8 Reasons You Need to Visit the Doctor Who Experience

I know – as if Doctor Who fans need reasons to celebrate their favourite show!

But getting to Cardiff, Wales, can be a bit of a trek. You might be asking yourself whether it’s worth it, particularly if you’ve been before. Let me assure you: it really is.

1. Piloting the TARDIS

Of course, it’s a dream to actually pilot the TARDIS, and while you don’t get to jump around the console and whack it with a hammer, that’s only because humans can’t deal with the complex quantum physics calculations needed to reason with the Time-Space Ship.

Instead, the Doctor’s kindly filtered the controls so it’s easy for kids of all ages to fly it through the vortex. Youngsters should take priority, naturally, but most groups are surprisingly shy about navigation, so eager time-travellers can typically find some way to steer the Eleventh Doctor’s TARDIS.

In the exhibition afterwards, you’ll see many other TARDISes, including the Silence’s attempt; the recreation from An Adventure in Space and Time; the actual console used throughout the late 1980s; and the real TARDIS used by the Ninth, Tenth, and Eleventh (in The Doctor’s Wife) Doctors – that’s also where they filmed portions of The Day of the Doctor!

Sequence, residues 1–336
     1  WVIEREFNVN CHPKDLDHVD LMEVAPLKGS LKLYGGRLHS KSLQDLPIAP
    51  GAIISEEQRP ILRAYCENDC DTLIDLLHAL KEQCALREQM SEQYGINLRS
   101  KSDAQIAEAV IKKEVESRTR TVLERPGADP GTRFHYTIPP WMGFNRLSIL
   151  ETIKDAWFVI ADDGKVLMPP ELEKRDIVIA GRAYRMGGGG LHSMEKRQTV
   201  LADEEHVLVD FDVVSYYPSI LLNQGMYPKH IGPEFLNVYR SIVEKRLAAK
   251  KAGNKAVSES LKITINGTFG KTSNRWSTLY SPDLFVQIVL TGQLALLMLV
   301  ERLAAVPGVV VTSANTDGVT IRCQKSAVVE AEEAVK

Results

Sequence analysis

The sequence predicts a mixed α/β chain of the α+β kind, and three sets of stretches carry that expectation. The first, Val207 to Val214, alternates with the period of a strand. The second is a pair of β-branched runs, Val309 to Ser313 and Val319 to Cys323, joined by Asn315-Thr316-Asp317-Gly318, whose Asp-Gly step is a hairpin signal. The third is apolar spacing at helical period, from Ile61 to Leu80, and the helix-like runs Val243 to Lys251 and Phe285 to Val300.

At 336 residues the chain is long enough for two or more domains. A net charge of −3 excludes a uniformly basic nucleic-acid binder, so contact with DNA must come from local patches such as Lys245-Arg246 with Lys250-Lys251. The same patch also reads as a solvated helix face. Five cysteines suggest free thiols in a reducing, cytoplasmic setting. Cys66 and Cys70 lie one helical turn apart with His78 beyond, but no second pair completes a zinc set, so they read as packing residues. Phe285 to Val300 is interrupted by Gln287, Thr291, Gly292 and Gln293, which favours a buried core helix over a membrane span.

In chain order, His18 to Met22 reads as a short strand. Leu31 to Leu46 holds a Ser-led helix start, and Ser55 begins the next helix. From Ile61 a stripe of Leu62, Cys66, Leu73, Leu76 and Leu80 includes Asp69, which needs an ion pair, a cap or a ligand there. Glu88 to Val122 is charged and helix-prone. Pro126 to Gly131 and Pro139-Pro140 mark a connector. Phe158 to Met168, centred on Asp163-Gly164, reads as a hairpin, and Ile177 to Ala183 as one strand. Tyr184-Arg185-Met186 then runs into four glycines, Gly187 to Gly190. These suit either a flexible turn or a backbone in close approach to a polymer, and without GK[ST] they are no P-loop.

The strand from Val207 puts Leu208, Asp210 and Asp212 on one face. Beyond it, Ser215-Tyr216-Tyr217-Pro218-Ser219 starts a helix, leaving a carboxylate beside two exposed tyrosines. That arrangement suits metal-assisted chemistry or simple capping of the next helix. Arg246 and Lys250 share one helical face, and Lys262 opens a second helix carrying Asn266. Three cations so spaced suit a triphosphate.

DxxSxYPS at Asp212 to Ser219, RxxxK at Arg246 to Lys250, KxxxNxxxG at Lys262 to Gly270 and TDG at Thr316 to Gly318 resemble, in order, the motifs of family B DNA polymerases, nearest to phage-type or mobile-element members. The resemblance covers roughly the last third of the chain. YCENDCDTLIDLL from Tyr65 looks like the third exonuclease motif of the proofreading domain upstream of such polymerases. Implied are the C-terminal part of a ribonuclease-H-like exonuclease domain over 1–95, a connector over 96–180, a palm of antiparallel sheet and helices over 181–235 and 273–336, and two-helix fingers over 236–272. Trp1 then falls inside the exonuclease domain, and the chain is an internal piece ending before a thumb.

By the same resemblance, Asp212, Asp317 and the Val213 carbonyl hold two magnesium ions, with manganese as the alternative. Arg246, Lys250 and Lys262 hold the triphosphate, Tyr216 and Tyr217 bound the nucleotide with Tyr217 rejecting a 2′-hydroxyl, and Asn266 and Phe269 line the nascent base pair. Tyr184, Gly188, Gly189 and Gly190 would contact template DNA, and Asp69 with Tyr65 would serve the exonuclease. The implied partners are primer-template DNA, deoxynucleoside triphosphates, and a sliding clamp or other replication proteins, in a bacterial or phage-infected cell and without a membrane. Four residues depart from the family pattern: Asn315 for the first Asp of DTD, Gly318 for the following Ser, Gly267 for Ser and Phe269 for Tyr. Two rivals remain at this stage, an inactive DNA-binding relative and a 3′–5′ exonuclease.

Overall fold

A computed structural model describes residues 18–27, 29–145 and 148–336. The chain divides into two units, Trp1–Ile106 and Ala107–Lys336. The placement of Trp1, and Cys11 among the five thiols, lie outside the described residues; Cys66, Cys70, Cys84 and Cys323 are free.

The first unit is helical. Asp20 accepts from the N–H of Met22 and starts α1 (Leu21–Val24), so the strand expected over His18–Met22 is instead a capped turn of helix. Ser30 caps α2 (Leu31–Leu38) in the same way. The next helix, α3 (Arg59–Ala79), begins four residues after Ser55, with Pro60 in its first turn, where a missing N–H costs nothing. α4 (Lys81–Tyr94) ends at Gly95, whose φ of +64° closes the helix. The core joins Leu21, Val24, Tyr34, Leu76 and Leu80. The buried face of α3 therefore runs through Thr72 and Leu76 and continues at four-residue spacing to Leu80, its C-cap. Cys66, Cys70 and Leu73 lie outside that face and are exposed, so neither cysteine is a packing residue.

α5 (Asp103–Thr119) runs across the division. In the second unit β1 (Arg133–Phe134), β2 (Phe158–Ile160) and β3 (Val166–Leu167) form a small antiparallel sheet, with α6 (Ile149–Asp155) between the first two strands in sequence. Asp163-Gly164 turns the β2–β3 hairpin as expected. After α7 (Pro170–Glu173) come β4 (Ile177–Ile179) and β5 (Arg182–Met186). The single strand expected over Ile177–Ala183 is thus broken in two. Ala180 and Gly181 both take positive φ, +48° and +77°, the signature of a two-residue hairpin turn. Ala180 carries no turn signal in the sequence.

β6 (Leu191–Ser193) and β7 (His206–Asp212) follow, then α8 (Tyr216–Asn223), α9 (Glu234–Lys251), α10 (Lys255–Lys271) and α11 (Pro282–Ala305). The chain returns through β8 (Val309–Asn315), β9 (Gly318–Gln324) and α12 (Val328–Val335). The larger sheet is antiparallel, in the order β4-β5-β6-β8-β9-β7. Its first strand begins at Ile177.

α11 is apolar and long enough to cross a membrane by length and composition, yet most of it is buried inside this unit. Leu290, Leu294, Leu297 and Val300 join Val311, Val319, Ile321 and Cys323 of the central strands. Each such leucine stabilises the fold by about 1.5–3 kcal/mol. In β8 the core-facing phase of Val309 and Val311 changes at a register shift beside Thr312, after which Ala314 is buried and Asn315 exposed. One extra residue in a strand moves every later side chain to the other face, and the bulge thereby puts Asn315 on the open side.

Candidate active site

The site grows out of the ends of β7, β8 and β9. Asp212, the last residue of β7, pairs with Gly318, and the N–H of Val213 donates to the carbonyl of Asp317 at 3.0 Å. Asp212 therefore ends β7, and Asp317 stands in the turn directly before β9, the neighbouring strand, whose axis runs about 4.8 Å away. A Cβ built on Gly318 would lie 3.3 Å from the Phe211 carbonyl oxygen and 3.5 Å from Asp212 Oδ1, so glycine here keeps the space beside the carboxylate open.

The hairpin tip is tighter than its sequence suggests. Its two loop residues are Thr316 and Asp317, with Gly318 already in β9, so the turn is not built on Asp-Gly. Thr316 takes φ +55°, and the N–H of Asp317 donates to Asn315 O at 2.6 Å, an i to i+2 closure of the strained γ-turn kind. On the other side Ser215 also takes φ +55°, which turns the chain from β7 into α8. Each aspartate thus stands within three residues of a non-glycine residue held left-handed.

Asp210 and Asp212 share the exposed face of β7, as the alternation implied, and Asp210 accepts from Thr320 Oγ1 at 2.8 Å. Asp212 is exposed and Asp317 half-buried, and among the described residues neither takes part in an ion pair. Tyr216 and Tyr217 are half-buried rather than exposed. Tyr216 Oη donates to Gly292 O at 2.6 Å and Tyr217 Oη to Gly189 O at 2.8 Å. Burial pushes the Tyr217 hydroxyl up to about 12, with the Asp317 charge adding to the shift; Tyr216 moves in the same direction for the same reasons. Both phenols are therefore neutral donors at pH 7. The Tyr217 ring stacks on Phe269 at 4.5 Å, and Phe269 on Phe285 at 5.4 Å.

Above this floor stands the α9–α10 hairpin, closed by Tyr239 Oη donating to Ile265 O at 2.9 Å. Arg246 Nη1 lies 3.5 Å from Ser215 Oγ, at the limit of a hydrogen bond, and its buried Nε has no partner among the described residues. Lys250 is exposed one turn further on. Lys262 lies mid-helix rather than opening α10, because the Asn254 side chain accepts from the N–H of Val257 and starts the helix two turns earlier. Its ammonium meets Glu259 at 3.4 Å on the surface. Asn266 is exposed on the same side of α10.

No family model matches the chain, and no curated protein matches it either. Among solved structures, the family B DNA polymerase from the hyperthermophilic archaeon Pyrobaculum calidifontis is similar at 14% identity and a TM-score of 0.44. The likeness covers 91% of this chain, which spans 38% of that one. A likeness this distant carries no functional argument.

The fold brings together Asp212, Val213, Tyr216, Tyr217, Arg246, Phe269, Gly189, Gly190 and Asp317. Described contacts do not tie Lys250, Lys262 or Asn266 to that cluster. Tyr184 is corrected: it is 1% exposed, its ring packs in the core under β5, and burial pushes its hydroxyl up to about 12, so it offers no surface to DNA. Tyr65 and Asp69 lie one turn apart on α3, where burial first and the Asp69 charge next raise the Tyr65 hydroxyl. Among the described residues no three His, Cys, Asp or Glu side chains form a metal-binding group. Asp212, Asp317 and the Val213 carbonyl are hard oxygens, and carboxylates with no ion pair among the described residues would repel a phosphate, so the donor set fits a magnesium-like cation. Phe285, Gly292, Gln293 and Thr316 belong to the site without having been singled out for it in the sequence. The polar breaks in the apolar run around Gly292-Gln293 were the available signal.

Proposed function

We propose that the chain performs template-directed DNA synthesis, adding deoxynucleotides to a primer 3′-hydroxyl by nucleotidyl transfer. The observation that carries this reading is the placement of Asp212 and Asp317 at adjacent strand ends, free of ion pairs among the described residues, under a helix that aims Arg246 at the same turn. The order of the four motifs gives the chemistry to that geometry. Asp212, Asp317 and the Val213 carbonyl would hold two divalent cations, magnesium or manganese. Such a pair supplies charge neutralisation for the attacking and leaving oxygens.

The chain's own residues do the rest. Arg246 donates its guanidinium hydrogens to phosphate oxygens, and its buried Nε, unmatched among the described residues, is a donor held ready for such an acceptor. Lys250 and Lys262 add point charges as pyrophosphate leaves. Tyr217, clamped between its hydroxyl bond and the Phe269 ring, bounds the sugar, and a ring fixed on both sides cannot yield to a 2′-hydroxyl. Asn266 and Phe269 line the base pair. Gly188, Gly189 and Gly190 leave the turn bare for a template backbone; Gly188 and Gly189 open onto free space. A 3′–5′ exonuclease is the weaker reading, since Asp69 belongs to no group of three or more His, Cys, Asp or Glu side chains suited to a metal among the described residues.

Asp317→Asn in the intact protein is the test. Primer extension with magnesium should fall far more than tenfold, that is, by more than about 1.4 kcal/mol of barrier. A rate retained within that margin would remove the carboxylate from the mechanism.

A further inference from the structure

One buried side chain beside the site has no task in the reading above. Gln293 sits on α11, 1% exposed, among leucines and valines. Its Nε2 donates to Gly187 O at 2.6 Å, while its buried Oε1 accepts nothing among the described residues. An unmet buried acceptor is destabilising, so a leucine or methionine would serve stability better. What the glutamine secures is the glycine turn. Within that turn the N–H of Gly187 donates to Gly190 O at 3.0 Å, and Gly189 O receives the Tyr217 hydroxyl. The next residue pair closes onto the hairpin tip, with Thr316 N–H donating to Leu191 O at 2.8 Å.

2. Romana!

As you’re welcomed into the Doctor Who Experience, you’ll be introduced to the Doctor: all his faces, from the First to the Twelfth, and soon locate the TARDIS in space-time.

The showcase of clips is narrated by Romana herself – Lalla Ward!

Ward’s used to delivering lovely readings of various texts, but fans who remember seeing the Time Lady back in 1981 will get an added thrill from hearing her fresh and reprising her role for “Nu­Who“.

If you went during the Matt Smith era, the storyline has been refreshed for Peter Capaldi’s tenure. This one initially finds you in the Museum of Gallifrey, and soon plants you at the heart of the TARDIS.

3. Face-to-Face with Monsters

The array of creatures from the Doctor’s 50+ years on TV is startling, and you can come face-to-face with loads of them in the exhibition.

There’s a higher concentration on serials from the 2005- present show, but rest assured that Classic Who still takes a considerable proportion of the available space. You’ll have heard about the newly-restored Yeti, and Varga the Ice Warrior, originally worn by Bernard Bresslaw in 1967 and found in the back of a cupboard at the BBC.